There has been a gentle mist falling over the last three days. The greyish white cast of the sky has blotted out any trace of sunshine and the days feel damp and dreary. This is the kind of weather that leaves you feeling unsettled as the ache creeps into your bones. Admittedly, I am in a mostly dim mood. I have been sitting here with a half-sipped cup of tea and contemplating my extended absence and stories I have no wish to tell. Seemingly simultaneously, I have stories that are just starting to curl around in my brain in a somewhat pleasing fashion.
Yesterday, I took a drive that is becoming more familiar as the weeks pass. There is a part on the freeway where I can slow down and look at the water. To be honest, I am not sure if it is a lake or a large pond and I cannot quite seem to recall what it looks like in the sunshine. On Tuesday evening, it struck me as different. The fog rose up from the surface of the water and it looked magical as little wisps curled upwards towards what should have been the sky. It was a bit of magic and wonder combined and in those few seconds things seemed alive with promise. Now that I am thinking back, I feel like I need to grab some wellies and trudge across some windswept moors. I don’t know what it is like to do that in real life, but I can imagine it quite clearly. It seems like a combination of the bone-chilling and the unknown.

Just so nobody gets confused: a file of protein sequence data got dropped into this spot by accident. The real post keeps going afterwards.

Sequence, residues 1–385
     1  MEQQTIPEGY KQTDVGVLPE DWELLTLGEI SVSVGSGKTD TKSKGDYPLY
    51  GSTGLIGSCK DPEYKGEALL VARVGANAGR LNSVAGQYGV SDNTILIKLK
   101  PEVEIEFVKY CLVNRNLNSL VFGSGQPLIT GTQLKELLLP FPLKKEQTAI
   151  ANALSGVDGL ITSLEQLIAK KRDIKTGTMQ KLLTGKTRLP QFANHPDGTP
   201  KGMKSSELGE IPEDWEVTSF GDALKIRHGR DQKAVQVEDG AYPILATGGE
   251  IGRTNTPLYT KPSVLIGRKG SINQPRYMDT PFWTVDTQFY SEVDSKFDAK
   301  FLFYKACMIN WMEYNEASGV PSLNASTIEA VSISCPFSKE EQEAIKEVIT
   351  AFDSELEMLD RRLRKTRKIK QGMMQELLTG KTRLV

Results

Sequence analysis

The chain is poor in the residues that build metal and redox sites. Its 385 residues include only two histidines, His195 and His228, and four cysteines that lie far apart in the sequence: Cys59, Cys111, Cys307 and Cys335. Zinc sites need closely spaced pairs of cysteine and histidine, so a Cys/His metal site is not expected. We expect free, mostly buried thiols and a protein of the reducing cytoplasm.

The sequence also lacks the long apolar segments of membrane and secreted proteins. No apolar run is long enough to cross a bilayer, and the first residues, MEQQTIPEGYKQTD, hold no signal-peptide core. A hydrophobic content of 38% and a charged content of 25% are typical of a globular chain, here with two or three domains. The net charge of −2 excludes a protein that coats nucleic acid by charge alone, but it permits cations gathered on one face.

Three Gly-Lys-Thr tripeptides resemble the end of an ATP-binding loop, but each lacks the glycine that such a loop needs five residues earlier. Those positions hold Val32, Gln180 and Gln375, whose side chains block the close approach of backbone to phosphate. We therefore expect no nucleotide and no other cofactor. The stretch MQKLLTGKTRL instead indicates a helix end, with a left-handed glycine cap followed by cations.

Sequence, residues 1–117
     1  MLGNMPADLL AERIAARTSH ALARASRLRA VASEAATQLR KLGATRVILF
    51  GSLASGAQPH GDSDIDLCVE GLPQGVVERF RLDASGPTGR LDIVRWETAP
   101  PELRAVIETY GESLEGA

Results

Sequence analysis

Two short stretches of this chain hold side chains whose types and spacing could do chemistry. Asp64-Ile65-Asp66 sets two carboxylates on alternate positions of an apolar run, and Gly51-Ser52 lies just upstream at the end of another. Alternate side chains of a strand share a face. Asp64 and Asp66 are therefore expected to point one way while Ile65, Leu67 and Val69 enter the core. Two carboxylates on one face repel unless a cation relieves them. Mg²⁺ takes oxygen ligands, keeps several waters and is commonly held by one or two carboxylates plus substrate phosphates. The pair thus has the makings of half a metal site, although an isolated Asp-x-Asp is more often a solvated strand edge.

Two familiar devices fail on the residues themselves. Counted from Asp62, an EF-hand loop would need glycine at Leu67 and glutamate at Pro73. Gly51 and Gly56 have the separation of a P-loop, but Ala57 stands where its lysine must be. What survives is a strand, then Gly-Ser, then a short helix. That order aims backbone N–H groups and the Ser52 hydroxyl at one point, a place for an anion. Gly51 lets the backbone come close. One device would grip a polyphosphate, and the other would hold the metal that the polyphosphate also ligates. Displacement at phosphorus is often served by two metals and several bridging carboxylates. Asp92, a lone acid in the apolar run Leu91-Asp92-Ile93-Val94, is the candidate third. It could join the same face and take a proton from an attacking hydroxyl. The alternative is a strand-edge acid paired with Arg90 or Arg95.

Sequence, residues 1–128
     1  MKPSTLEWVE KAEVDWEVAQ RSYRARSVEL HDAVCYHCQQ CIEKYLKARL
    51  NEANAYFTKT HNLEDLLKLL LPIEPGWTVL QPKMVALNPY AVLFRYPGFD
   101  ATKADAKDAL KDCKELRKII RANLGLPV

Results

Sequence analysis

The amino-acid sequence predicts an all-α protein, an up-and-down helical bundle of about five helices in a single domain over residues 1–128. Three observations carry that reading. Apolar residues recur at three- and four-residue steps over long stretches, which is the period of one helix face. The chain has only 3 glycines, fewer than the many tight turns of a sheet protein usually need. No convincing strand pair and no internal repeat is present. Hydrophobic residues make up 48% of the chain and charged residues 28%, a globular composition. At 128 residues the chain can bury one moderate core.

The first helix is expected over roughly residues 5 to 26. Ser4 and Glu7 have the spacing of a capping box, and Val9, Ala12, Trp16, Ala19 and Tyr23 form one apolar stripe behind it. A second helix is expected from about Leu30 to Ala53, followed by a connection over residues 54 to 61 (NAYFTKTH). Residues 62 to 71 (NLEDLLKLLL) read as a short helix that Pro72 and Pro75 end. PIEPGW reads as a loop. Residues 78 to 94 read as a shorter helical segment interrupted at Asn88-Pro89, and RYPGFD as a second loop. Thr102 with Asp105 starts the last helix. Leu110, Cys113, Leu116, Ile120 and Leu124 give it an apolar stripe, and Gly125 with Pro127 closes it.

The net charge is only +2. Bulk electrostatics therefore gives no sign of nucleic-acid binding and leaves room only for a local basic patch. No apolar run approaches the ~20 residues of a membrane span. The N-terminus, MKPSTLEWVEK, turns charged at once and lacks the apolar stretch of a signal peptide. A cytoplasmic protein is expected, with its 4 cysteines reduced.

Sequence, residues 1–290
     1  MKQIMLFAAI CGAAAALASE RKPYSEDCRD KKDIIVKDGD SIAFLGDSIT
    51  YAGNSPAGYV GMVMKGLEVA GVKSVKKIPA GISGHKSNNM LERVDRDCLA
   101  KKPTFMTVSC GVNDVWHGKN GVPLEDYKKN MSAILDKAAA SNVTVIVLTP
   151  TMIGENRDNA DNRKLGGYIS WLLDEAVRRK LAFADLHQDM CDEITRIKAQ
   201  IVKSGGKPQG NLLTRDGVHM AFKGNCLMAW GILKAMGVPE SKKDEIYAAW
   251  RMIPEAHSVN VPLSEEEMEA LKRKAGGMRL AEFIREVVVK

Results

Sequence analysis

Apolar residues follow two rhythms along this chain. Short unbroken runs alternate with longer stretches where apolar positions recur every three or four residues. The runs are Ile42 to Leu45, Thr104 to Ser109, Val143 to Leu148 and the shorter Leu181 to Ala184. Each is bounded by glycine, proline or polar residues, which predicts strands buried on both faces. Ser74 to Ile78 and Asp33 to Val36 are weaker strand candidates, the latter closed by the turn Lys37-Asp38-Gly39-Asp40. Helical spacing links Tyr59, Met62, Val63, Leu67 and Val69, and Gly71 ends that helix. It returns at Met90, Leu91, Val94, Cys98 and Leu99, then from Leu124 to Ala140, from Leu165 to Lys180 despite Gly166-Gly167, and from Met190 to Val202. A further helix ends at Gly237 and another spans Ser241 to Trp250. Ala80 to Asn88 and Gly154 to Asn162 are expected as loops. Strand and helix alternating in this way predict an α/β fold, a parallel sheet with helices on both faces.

In some ways, that has been my life for the last few years. Just in this last year, a year of being involved in ‘everything’ left me feeling this terrible emptiness inside. I was there for everyone else, but I was never there for myself. If you had asked me to list my top 20 values or priorities, I wouldn’t have even made my own list. I had no idea what I was doing and why would I? It isn’t like life comes with a manual, and that is doubly true when you throw in chronic illness and advocacy work. I felt like I was starting from scratch again and 40 was looming in the distance like it was some dreaded deadline. What was I doing?! Short answer: I was being ‘fine’ until I wasn’t. In some ways, I think I have presented myself as being someone who has it all together. The truth is that I am human and I struggle too. I sought help and put in the hard work and I am still doing that work.
My experiences, however, got me thinking of the stories that we have and those we hide from others. I also starting thinking about the way mental health stories appear in our culture. The ones we do hear. The whole of society seems to alternately stifle those stories, coating them in shame, and elevate them. Intense suffering is wrapped up in a nice digestible package where we can vilify someone, pity them, or hold them up as some example of ‘indomitable will’. The truth of mental health journeys are far more nuanced, as most things are. I hope to focus more on covering some of this, along with practical suggestions for behavior modification and broader commentary of mental health issues throughout the globe. This is a lofty goal and one that will change this blog slightly, but I hope it will make it better. I thank you for following me thus far and hope that you will continue in the future.